Realizing the need to encourage new ideas among employees to enhance patient experience, many healthcare enterprises are instituting innovative strategies. Henry Ford System, for example, began a system of rewarding great employee ideas. One internal contest was around clinical applications for wearable technology. The incentive was particularly attractive – a cash prize of $ 10,000 to the winners. Not surprisingly, the employees came up with some very innovative ideas that included: a system to record mobility of acute care patients through wearable trackers, health reminder system for elderly patients and mobile game interface with activity trackers to encourage children towards exercising. The employees admitted later that the exercise was so interesting that they would have participated in it even without a cash prize incentive.

Another example is Penn Medicine in Philadelphia which launched an ‘innovation tournament’ across the organization as part of its efforts to improve patient care. Participants worked with professors from Wharton Business School to prepare for the ideas challenge. More than 1,750 ideas were submitted by 1,400 participants, out of which 10 were selected. The focus was on getting ideas around the front end and some of the submitted ideas included:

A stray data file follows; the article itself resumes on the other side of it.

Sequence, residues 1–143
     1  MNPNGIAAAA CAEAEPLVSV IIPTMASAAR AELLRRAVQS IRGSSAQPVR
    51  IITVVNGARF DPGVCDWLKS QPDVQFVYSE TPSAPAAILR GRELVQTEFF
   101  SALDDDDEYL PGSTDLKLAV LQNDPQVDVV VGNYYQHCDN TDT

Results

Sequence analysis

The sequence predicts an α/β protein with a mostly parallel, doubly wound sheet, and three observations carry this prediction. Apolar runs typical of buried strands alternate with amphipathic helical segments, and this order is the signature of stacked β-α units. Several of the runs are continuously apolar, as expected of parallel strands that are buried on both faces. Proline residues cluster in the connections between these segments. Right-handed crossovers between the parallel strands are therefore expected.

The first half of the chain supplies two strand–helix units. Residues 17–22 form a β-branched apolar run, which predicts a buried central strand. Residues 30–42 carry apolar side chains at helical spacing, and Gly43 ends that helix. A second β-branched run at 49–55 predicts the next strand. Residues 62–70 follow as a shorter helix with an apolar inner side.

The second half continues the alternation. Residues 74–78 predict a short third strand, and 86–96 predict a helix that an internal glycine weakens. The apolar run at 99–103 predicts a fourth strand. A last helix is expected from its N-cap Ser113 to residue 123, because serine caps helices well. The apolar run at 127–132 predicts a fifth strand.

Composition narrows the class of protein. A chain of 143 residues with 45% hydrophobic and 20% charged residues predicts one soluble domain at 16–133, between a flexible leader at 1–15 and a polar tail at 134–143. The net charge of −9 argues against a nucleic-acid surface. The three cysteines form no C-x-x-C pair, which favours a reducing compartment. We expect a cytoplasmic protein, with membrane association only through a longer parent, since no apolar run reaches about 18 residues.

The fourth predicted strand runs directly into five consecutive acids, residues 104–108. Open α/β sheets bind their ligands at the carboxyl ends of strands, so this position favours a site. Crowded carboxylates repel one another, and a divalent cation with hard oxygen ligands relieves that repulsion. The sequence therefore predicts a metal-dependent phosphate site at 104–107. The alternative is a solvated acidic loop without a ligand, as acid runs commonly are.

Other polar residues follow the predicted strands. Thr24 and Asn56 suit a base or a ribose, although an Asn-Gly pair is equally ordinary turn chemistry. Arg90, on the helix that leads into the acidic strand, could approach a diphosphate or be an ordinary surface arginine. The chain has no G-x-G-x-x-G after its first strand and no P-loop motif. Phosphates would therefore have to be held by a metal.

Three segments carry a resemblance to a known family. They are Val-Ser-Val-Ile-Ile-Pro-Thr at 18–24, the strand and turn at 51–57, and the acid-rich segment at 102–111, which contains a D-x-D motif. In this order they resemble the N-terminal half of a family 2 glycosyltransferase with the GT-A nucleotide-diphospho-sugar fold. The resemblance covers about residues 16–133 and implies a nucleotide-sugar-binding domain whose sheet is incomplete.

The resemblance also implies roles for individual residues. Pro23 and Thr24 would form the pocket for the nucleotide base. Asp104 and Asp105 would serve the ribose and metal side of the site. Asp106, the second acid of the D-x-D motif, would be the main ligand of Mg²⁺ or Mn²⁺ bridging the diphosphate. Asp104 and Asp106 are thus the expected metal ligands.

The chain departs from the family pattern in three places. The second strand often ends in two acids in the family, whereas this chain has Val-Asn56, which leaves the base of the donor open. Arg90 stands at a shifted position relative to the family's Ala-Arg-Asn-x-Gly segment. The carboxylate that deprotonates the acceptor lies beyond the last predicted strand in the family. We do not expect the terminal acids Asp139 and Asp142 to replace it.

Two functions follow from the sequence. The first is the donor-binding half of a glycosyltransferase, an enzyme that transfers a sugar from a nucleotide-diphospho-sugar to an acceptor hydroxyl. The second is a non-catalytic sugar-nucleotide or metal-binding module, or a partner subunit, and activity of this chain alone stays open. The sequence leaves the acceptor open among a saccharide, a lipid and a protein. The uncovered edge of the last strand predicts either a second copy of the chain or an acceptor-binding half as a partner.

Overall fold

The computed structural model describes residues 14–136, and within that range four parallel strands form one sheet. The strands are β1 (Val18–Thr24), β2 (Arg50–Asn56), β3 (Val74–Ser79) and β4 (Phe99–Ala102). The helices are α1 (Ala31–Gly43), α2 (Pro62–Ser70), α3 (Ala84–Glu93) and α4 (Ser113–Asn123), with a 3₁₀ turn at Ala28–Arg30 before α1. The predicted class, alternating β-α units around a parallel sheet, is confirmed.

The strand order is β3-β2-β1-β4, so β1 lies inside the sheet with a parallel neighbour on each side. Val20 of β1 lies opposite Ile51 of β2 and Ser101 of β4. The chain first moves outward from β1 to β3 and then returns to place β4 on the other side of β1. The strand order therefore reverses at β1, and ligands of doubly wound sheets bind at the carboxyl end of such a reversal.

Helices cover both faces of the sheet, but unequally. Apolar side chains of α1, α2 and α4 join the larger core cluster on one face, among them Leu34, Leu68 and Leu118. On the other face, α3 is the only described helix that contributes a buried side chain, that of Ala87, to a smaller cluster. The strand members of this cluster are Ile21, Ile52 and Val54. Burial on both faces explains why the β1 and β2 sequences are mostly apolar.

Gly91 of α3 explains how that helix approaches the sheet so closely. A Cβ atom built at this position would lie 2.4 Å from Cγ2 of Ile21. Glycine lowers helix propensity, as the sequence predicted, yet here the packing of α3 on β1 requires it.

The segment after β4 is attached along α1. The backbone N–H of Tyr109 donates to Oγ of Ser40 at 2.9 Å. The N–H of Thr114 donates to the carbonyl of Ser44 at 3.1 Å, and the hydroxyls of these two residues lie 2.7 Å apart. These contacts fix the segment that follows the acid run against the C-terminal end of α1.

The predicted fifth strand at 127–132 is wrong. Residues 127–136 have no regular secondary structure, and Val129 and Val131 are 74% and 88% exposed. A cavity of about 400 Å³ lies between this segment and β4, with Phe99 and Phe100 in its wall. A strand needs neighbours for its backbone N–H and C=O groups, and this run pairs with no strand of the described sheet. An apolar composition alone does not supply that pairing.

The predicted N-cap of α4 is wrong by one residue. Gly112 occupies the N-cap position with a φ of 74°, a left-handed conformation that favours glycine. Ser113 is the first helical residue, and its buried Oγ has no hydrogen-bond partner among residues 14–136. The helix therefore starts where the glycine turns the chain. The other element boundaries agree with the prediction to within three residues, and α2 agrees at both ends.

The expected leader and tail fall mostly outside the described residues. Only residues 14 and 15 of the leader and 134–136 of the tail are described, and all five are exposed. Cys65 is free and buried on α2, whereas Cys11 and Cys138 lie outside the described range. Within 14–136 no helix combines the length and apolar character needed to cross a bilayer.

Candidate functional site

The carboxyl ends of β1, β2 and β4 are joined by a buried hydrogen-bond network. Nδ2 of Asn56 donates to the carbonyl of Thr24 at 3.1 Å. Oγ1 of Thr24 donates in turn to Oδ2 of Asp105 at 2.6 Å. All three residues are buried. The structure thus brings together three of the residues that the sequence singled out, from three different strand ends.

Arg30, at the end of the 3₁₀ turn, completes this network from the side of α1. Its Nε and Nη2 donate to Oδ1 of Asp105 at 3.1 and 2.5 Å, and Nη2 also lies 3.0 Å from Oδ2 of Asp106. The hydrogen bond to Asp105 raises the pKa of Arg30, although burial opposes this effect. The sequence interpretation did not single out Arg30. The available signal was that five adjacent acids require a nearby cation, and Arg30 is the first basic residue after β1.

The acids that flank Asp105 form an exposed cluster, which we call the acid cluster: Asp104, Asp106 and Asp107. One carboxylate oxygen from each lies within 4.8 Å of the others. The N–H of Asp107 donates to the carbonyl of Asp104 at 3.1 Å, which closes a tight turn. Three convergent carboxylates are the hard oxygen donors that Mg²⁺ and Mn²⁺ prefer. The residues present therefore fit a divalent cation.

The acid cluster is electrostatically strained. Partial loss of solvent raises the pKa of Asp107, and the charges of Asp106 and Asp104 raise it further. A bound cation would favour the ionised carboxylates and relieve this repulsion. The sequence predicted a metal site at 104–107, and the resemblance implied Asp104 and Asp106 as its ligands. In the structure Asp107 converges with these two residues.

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As Arlen Meyers, MD, President and CEO of the Society of Physician Entrepreneurs, says in a report, although many good ideas come from the front line, physicians must also be encouraged to think innovatively about patient experience. An academic study also builds a strong case to encourage intrapreneurship among nurses. Given they comprise a large part of the front-line staff for healthcare delivery, nurses should also be given the freedom to create and design innovative systems for improving patient experience.

According to a Harvard Business Review article quoted in a university study, employees who have the potential to be intrapreneurs, show some marked characteristics. These include a sense of ownership, perseverance, emotional intelligence and the ability to look at the big picture along with the desire, and ideas, to improve it. But trust and support of the management is essential to bringing out and taking the ideas forward.

Creating an environment conducive to innovation is the first step to bringing about innovation-driven outcomes. These were just some of the insights on healthcare management gleaned from the Hospital Leadership Summit hosted by Abbott. In over 150 countries, Abbott, which is among the top 100 global innovator companies, is working with hospitals and healthcare professionals to improve the quality of health services.

To read more content on best practices for hospital leaders, visit Abbott’s Bringing Health to Life portal here.

This article was produced on behalf of Abbott by the Scroll.in marketing team and not by the Scroll.in editorial staff.